When I saw Cameron’s latest wheeze to crack down on binge drinking — minimum alcohol pricing — I instinctively hated it. I hate higher taxes. I hate the Nanny State. I hate social engineering. Of course I know that I tend to be counter-consensual, so I am accustomed to being in a minority (except on Europe and climate, where it seems to me that I share the views of most sensible people). So I was quite pleased and surprised when I saw that Wednesday’s Telegraph leader seemed to take much the same view as me, though expressed in more measured language than I can usually manage.
Oh, and I’d better declare an interest, before Leo Hickman at the Guardian flags it up in another shock/horror revelation. For four very happy years, I was employed by the drinks company Diageo (then United Distillers). I was Mr. Johnnie Walker in South Korea for several years — which was about as long as my liver could stand it. But I currently have no financial interest in alcohol, except as a consumer.
My first concern is that we’re aping Alex Salmond, who’s introducing a similar measure in Scotland. Not a great starting point for a Conservative Prime Minister. Tail wags dog.
Secondly, this is (as I Tweeted earlier) a regressive tax on the poor. Very likely the drinks that you and I buy are already ahead of the minimum price-per-unit (though I suppose we must expect a knock-on effect up the range, as marketers and retailers seek to maintain differentials). But the people who’ll really suffer are (as so often) low-income pensioners. They may not drink very much at all, but they like to have a bottle of supermarket gin or whisky in the cupboard. Judging by the figures recently published in the press, the price of that bottle will practically double. We’ve already driven up the pensioners’ cigarettes to eye-watering levels, and now we’re going to do the same with alcohol. Have we forgotten that pensioners also vote? This is a profoundly regressive tax proposal which will hit those who can least afford it.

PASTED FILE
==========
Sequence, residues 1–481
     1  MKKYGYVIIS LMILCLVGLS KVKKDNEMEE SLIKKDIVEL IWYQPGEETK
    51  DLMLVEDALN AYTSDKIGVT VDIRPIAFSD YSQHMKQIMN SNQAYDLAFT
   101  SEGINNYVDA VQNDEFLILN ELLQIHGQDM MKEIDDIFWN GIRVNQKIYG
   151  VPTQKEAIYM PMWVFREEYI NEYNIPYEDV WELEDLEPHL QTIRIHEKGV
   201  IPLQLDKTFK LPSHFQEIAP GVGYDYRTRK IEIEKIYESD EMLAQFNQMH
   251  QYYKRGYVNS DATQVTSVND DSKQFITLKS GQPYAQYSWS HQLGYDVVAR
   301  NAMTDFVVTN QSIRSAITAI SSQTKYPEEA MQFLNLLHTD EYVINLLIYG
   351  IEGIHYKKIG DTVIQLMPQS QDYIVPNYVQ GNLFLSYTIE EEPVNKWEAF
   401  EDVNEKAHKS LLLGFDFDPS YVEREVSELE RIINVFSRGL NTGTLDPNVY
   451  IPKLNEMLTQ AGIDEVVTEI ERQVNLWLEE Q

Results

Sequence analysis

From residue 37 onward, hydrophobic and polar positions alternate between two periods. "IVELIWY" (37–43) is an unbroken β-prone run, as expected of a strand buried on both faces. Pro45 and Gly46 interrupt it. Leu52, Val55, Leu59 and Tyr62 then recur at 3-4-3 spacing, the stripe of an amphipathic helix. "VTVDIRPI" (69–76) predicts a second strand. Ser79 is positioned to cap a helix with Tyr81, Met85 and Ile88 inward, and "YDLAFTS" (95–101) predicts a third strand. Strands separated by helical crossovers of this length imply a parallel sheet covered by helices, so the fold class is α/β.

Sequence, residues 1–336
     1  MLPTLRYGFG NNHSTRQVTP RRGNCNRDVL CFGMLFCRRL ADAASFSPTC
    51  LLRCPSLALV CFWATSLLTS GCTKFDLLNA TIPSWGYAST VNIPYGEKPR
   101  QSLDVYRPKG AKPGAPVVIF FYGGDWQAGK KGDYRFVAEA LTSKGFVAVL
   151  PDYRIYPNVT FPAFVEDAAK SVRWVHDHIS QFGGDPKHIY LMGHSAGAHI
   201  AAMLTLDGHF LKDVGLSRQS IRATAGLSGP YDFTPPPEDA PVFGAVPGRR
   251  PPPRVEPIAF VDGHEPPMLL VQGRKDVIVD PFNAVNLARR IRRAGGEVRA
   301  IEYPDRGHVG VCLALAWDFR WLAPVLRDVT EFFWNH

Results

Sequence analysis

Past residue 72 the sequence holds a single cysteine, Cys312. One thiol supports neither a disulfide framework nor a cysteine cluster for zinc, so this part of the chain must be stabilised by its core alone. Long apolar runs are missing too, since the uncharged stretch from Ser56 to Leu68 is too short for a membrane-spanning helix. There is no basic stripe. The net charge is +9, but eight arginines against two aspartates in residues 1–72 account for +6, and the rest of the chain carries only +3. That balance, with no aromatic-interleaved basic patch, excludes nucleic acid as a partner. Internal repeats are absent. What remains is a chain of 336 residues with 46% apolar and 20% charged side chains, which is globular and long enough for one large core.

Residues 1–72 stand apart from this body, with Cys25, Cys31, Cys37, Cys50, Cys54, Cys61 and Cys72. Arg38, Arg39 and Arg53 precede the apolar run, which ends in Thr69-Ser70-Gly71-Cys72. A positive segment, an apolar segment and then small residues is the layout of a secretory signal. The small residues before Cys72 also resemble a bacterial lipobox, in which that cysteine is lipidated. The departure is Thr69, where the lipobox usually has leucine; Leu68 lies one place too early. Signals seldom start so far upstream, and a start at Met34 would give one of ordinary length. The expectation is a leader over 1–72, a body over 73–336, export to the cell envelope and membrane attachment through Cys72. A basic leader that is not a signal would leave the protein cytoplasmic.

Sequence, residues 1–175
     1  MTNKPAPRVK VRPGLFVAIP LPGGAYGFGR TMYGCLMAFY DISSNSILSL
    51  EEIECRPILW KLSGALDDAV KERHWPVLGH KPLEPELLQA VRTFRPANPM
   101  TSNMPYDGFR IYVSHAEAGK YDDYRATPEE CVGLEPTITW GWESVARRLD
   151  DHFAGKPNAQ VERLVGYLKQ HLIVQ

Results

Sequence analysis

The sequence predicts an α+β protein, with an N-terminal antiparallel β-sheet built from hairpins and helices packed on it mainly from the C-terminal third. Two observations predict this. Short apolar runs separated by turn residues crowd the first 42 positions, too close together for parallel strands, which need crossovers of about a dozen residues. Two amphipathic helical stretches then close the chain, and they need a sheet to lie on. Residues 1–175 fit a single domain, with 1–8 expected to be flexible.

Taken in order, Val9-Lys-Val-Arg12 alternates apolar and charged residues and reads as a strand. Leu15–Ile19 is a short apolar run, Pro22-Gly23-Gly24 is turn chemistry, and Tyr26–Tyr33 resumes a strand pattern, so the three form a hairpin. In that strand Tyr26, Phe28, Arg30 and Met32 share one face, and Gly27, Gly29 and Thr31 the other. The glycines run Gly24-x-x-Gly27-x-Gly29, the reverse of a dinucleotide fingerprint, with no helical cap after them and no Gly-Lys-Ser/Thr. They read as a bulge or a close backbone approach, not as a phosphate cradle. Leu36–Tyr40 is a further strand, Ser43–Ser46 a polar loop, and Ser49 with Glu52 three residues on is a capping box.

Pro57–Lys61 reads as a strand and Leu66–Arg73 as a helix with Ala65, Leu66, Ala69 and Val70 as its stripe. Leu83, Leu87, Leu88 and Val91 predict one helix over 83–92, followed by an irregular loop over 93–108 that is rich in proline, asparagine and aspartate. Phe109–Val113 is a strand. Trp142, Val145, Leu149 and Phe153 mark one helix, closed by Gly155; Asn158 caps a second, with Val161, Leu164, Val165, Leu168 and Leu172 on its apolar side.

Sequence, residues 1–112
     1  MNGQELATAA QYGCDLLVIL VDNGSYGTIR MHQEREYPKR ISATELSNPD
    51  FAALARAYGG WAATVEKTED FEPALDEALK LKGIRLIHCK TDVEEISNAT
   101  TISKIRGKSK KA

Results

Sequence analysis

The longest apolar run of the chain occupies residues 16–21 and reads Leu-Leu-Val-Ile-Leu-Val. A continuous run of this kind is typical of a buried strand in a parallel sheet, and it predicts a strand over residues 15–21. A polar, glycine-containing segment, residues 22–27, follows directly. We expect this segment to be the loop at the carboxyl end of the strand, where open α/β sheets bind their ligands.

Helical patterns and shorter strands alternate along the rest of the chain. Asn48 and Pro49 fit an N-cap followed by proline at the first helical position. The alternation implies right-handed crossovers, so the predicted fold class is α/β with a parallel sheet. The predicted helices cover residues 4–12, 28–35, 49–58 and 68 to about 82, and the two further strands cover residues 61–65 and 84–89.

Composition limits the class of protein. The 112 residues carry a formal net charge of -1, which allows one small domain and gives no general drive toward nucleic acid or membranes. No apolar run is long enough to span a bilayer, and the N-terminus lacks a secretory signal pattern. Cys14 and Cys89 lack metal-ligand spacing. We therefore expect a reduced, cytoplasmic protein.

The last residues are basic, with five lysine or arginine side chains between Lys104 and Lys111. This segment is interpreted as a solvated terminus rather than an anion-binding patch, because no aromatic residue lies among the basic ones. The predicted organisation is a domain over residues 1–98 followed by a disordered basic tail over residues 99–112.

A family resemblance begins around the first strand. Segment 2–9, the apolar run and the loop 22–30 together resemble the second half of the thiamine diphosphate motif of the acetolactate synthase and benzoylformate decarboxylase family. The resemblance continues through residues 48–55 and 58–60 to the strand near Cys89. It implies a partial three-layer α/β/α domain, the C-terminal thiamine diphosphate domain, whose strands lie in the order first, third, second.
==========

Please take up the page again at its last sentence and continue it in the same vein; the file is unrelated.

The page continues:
And of course we’re doing a big favour to the smugglers, the black-market traders — and the cross-channel ferry operators. Booze cruises will be more attractive than ever, and the anticipated increases in revenue may not materialise at all.
It often happens that well-meaning attempts to stop anti-social behaviour end up penalising the law-abiding, and largely miss their intended targets. The classic example is speed cameras, which indiscriminately hit the average driver, whilst joy-riders and boy racers get away with it until they lose their licences — and then they carry on driving and speeding while unlicensed and uninsured.
This measure will penalise pensioners, but may do little to address our binge drinking culture.
So is there nothing we can do? Not at all. For a start, we could re-visit Labour’s changes to the licensing laws. These were designed to create a Continental, café-style drinking culture, but what they seem to have achieved is huge new costs for late-night policing, and vomit on the pavements. We need tougher policing, especially of drinking in public places. Above all we need to stop groups of feral youths (and sad old men) from drinking in shopping malls. A little Zero-Tolerance is called for. And we need to educate young people in a responsible approach to alcohol.
But I think the thing that worries me most about this initiative, on which Cameron, so the papers say, has placed his personal seal of approval, is this: it is so wretchedly patronising. It plays straight to the negative stereotype of an old Etonian patrician, who knows better than the poor and the common folk, and is entitled to set standards for them and impose those standards through punitive pricing. And it will be so easy for Labour to portray it as beating up on the poor.